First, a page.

The PNG Women in Agriculture (PNGWiA) has extended its assistance to the neighbouring Solomon Islands to establish a voice for women farmers in the country. This voice will support rural women who are engaged in agricultural farming to have an established body that will assist the voiceless and neglected to have better access to new and improved information and technologies in order to improve their agricultural practices for increased food security and income.
PNGWiA President Maria Linibi was in Honiara late last month to hold talks with Solomon Islands women leaders and deliberate on the concept and share PNG’s experience. Much of the discussions were centred around the need for the establishment and its framework.
“PNGWiA will work very closely to help them establish themselves”, Mrs Linibi revealed upon returning to PNG.
She said although discussions are still going on, the outcome so far was satisfactory as she was met by a group of women leaders in Honiara who expressed great desire to find a way forward in finding answers to their common agricultural needs, especially through assistance from PNGWiA.
Her trip was made possible by a regional EU-ACP capacity development project involving PNG, Solomon Islands and Vanuatu, which was organised through the National Agricultural Research Institute. The workshop, titled ‘Assessment of Constraints, Opportunities and Potentials in Livestock in the three Western Pacific Countries’, was hosted in Honiara.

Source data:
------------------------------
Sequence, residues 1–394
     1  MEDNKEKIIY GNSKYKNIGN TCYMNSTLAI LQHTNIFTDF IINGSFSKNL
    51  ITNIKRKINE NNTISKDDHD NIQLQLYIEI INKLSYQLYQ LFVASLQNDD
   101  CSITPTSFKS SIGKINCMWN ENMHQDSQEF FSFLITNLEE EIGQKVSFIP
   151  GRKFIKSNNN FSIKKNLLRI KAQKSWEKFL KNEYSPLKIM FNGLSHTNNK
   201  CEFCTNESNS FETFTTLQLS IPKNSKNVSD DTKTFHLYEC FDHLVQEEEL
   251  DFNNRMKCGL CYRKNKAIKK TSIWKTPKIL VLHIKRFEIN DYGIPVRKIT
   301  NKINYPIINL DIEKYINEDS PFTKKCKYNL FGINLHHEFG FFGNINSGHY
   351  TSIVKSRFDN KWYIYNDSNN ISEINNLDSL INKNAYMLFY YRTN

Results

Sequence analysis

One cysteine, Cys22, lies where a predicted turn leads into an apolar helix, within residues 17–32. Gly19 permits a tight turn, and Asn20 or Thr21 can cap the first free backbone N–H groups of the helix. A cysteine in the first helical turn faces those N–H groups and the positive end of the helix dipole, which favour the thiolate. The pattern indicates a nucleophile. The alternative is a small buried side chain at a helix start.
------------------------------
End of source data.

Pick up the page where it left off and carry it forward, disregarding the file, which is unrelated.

“My objective of going there was to strengthen women network in the two partner countries so that they can partake in opportunities that this project is offering to women folks,” said Mrs Linibi.
She said: “Solomons women farmers are keen in registering with PNG for a start and we can then work on to help them organise.”
“Our next action is to help them work on their Constitution and develop a plan on how to achieve it.”
Solomon Islands Women in Agriculture Interim Chairperson, Lily Wame, said their women folk have met and acknowledged PNGWIA for sharing its experiences.
“We have adopted the concept in principle to work towards establishing the NGO body in the agriculture sector for women,” said Ms Wame.
She said they met early this month and proposed a name for their NGO group, which would be known as the ’Solomon Islands Women in Agriculture’ or SIWiA.
“This is the name and we will be working towards the registration formalities.”
“In the mean time, we are seeking funds to pay for having this group registered to PNGWIA as a matter of priority. Some women will contribute and raise money. We target to get the registration done by end of July.”
The Solomons women farmers have also called on PNGWiA and its network to provide advice and necessary assistance towards their endeavour.
They expect to formalise their new NGO, SIWiA, later this year.